In this version (quite different to the original story and the later remake) the monster is a vegetable and, like many plants, the bits that are cut off plant seeds and reproduce. The paranoia of the age was reflected in this film’s conclusion that this solo invader was likely just the vanguard of a much bigger invasion force – summed-up in its now legendary last line of dialogue: “Keep watching the skies!”. Given the plethora of alien invasion films which followed, this was, in a way, right.
5: The Blob – (1988)
The original version was the first starring role for some young guy called Steve McQueen. This version was co-written by Frank Darabont and features some delightfully over-the-top gory effects. The invasion begins with a little meteorite cracking open and the titular substance leaking out and attacking people. It is another one of those Dumb aliens that consumes all in its path and grows as it does so.
Honourable Mentions –
The ‘Lonely Death of Jordy Verrill’ segment of Creepshow (1982) – Stephen King wrote and stars as the dim-witted farmer who finds “meteor shit” in a broken meteorite and inadvertently starts growing the wrong sort of grass.
The Hidden (1987) – This is a typical 80s action/cop film, with the added twist of the alien symbiote who takes control of various characters as it sees fit. The film does surprising well with an unpromising premise and cast.
Friendly (i.e.VERY Smart) Invasions:
1. Close Encounters of the Third Kind (1977)
Now, if I had to take just one of these films as my Desert Island Alien Invasion movie … This would be it! Having recently re-watched my Blu-Ray, and sat through all three versions, I have fallen in love with it all over again. Y’know, this film is actually better than Star Wars! Shush. Don’t tell George. This is one of the very few alien invasion films that believes we humans may be mature enough to actually communicate with aliens, not simply try to nuke them. Sadly, Spielberg doesn’t seem to believe this himself any more.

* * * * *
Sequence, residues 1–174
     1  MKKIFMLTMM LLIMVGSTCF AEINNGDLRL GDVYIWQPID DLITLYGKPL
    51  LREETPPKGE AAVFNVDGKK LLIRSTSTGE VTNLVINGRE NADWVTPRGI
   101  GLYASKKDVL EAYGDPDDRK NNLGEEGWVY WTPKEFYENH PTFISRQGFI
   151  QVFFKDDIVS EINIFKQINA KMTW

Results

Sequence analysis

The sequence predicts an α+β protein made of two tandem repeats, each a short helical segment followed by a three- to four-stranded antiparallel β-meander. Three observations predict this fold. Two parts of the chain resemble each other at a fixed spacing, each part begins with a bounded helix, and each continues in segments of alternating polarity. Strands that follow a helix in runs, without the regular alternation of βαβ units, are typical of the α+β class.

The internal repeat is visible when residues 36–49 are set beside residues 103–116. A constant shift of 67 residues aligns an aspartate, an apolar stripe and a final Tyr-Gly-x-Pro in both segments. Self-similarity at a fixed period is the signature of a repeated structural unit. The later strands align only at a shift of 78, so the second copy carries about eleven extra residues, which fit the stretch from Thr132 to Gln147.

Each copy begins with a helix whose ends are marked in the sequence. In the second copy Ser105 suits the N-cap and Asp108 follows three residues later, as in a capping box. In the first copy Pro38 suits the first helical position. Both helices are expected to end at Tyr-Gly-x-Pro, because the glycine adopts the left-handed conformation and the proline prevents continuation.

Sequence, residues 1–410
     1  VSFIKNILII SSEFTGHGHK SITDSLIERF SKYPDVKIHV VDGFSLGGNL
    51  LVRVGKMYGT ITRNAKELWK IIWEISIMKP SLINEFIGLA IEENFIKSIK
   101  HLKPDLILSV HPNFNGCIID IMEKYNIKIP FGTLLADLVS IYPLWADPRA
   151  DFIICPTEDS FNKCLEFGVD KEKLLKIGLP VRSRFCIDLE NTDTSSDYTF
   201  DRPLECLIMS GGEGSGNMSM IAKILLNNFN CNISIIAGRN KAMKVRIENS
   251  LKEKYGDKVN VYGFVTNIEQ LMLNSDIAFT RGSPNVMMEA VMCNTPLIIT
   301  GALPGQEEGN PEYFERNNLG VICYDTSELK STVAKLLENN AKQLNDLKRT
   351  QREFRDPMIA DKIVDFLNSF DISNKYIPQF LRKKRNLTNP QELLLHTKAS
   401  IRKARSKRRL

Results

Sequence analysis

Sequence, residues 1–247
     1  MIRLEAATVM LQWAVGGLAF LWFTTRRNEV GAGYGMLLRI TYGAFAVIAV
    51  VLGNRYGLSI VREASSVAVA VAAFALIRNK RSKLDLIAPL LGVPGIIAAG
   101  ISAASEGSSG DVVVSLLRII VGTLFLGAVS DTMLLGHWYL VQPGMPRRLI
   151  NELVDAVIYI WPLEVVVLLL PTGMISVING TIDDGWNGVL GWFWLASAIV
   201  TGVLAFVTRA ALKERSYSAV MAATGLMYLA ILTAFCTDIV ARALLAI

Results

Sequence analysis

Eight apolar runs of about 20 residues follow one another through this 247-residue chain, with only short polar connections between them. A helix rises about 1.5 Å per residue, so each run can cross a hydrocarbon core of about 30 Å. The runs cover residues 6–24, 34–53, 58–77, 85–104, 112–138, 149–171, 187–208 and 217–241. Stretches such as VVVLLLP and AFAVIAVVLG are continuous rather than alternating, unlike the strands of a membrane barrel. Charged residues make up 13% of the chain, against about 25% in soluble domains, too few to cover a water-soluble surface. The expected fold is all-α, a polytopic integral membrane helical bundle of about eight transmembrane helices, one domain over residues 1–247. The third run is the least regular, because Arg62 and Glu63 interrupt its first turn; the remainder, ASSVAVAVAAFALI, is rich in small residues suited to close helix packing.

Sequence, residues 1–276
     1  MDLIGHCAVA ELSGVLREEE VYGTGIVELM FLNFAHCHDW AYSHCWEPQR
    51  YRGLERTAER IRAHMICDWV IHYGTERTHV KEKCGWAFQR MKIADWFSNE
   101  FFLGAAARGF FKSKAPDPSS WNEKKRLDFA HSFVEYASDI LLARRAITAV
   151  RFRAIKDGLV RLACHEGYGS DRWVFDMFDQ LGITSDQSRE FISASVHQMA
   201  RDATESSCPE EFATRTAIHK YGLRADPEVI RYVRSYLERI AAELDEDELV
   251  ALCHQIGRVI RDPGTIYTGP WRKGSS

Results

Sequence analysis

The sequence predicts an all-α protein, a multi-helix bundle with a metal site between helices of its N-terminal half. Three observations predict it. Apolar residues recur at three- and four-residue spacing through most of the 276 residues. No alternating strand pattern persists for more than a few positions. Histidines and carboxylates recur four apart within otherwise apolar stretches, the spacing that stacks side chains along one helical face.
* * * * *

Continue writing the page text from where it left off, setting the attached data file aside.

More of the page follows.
2: The Abyss – (1989)
This was the film where James Cameron emerged as the most despotic, most visionary, most ambitious film director since C.B. DeMille. The crew took to wearing t-shirts proclaiming: ‘You can’t scare me, I work for Jim Cameron’. The film itself is a master-class in structuring an action/adventure movie. It has visuals unlike anything seen before or since and, at least in the full-length version, it actually makes sense! The only problem is that there is so much going on in the The Abyss, the aliens almost come across as an afterthought.
3: The Day The Earth Stood Still – (1951)
The second oldest film in this list (it was released about six months after The Thing From Another World) is also one of the calmest and most thoughtful. It is a film that acknowledges that science is the language with which we will most likely be able to communicate with other intelligences, but warns that that same science might be our undoing. It weaves in Christian symbolism with good old American values, a brilliant robot, an awe-inspiring musical score and a career-defining performance from Michael Rennie. Oh, and that catch-phrase: “Klaatu, barrata … ehm … neck-tie”!
4: It Came From Outer Space – (1953)
This film plays with the conventions of the fledgling genre quite early in its development. It is a rare early anti-war invasion movie. Here the aliens, whilst appearing malicious, are merely using the local humans to help them rebuild their spaceship so they can go home. Credit for that innovation must go, I feel, to the great Ray Bradbury who wrote the original treatment and, depending on who you believe, also provided the full script.
5: E.T. The Extra-Terrestrial – (1982)